Putting a price on nature is impossible and potentially dangerous - the natural environment is too complex and vital. However, for too long nature has not had its rightful place in decision-making, especially in the eyes of those interested in economic growth. Not considering it as part of the business case often results in negative externalities, for people, the economy and wildlife.
With this in mind, Gloucestershire Local Nature Partnership worked with the Environment Agency to use their Natural Capital Register and Account Tool to estimate a partial value of the economic and societal benefits that nature provides us here in Gloucestershire. The Environment Agency have developed this tool in response to DEFRA’s ENCA guidance – Enabling a Natural Capital Approach. It uses the most up to date scientific metrics and evidence to calculate the potential of different habitat types to provide services such as food, reduction of flood risk and carbon sequestration. We provided EA with habitat data for the county, available from our nature recovery network and natural capital mapping projects, they ran the tool, and the results are quite startling.
The values represent a partial estimate of ‘ecosystem services’, which are unevenly spread across the county. Possibly the most informative output from the NCRAT process is the following Sankey diagram, which shows the proportional contribution of different habitat types to this total, and their relative ecosystem service provision.
Rachel Lenane, Scientist at Environment Agency who led on this project with GNLP, is keen to point out the limitations of the tool. “There are many functions of nature that are not yet valued in this tool, things like pollination and flood regulation by wetlands. And there are many ecosystem services that cannot be effectively valued in any account, such as the value of biodiversity. . However, as a way of building stronger business cases for investment in nature and in helping get nature into decision-making, we have found it to be a really powerful tool.”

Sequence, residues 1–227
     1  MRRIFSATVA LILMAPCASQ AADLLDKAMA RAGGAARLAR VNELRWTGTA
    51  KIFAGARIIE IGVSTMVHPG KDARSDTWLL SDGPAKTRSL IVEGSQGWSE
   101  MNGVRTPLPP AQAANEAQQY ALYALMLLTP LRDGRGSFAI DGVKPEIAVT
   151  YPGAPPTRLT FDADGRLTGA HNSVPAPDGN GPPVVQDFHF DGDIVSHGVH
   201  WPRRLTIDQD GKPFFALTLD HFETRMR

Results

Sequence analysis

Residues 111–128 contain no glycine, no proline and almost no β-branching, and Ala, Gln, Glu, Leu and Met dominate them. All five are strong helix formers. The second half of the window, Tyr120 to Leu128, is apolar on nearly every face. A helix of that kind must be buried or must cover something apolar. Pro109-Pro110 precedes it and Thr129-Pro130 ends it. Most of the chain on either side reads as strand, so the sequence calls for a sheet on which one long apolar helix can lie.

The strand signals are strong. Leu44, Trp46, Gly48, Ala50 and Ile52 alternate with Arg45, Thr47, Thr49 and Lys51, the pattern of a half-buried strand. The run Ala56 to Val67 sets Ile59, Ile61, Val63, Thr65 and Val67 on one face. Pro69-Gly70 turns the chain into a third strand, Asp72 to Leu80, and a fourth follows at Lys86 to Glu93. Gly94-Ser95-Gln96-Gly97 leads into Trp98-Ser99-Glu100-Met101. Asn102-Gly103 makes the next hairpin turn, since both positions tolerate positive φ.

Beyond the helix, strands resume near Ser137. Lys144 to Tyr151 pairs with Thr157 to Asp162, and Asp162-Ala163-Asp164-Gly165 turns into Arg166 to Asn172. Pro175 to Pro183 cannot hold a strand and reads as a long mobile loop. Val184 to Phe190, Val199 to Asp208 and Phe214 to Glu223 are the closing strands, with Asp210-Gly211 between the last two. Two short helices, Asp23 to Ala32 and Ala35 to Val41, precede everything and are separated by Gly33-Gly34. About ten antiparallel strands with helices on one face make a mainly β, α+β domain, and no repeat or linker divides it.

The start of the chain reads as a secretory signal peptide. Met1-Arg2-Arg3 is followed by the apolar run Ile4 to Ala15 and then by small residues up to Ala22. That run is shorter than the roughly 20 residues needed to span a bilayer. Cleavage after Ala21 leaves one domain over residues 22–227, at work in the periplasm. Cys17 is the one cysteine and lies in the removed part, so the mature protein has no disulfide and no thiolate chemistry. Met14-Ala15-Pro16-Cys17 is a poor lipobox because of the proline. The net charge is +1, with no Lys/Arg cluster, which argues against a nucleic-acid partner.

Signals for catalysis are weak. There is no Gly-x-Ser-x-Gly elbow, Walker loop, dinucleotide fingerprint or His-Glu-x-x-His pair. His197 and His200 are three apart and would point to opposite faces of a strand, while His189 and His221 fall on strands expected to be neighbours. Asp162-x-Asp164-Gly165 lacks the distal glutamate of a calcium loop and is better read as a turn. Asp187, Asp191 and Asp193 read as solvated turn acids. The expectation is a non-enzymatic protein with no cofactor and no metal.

David Owen, Chief Exec of Gfirst LEP, said “Natural Capital is vital to the wellbeing of society in its broadest sense. We understand that the natural environment can underpin all economic and social activity, through the services it delivers, and this set of Natural Capital Accounts puts meat on the bones by attributing a partial value to the benefits the natural environment provides. Having this set of accounts demonstrates to the business community the value of investing in nature, something that the emergent Gloucestershire Nature and Climate Fund will leverage.”
For more information, or to request a copy of the full Natural Capital Register and Accounts, please contact firstname.lastname@example.org.